Rupert Murdoch has finally been outfoxed. He has lost the internet domain name for the Fox Business Network to a Florida businessman called Derek Hodges. The World Intellectual Property Organisation (WIPO) has ruled that Hodges is the rightful owner of the name FoxBusinessNetwork.com, which he registered in February 2007 just hours before Murdoch announced he was launching his new cable TV channel. Although he did not officially register the name until then, Hodges claimed he had used FoxBusinessNetwork.com for at least five years and produced promotional material to back up his claims. Murdoch argued that the last-minute registration of the name was an effort to create confusion and accused Hodges of trying to extract $50,000 from NewsCorp for the name last August. WIPO conceded that the timing of the domain name registration was “suspicious” but accepted Hodges’s claim. — The First Post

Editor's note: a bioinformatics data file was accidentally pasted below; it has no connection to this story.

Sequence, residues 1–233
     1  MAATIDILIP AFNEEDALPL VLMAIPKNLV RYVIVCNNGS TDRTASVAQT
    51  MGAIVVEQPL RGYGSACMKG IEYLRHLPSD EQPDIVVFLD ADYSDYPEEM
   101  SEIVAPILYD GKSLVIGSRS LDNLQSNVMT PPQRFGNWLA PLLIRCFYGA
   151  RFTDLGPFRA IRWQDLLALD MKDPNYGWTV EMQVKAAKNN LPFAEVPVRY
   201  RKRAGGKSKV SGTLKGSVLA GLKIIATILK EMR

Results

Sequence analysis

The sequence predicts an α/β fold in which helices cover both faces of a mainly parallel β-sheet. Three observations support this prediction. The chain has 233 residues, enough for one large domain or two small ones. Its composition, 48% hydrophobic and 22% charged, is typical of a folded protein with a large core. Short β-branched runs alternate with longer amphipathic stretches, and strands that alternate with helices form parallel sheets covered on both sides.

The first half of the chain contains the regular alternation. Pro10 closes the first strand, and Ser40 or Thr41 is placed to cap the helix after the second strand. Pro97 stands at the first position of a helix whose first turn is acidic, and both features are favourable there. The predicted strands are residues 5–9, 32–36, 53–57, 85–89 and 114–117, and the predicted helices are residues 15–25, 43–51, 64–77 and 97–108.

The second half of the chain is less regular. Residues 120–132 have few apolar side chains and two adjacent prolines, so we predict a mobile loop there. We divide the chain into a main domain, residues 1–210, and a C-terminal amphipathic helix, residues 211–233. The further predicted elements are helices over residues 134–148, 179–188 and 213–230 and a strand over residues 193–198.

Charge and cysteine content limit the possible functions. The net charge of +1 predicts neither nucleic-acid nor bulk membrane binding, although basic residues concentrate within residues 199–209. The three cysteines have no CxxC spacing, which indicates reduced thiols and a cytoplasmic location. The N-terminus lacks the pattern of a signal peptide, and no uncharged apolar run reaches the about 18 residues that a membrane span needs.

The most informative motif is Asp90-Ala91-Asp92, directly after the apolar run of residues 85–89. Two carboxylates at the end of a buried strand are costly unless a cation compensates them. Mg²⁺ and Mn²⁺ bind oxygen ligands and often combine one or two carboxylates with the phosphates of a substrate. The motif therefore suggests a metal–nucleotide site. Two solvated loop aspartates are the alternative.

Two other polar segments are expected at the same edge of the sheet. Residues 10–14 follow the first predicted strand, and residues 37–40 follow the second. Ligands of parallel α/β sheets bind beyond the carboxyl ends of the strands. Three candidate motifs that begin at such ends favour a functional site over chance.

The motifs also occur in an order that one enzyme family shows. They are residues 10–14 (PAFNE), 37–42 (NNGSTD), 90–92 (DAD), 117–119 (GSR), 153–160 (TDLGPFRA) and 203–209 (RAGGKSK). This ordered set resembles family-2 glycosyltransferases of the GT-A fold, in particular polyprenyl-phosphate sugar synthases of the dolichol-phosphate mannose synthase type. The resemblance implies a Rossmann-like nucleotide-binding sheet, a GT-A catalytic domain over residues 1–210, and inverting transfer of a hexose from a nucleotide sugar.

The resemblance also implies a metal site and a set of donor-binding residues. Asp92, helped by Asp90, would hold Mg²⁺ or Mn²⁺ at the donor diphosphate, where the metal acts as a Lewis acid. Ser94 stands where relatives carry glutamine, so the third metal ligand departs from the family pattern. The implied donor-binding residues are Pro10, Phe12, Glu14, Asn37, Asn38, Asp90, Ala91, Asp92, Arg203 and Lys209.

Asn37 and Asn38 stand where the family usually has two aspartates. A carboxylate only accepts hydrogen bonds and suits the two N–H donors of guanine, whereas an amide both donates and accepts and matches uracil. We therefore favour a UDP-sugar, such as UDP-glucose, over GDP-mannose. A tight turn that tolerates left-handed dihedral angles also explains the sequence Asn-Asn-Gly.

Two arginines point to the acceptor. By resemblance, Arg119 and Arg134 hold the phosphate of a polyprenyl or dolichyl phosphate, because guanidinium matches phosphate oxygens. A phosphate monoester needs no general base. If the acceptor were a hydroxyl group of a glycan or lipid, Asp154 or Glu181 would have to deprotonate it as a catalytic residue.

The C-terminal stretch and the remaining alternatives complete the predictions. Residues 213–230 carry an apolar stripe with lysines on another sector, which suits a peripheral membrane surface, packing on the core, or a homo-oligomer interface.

America’s best newspapers in circulation decline. In just four years the top newspapers in the U.S. have collectively lost about 1.4 million copies in daily circulation, E&P has found. But since the reported numbers come out every six months, the overall decline for individual papers may not hit home for many. Each fall off is usually in the low- to mid-single digits — but it sure adds up. — Editor & Publisher
Letter of the Week: They’re having some fun at the Herald Sun’s TV Guide.
Last night’s TV ratings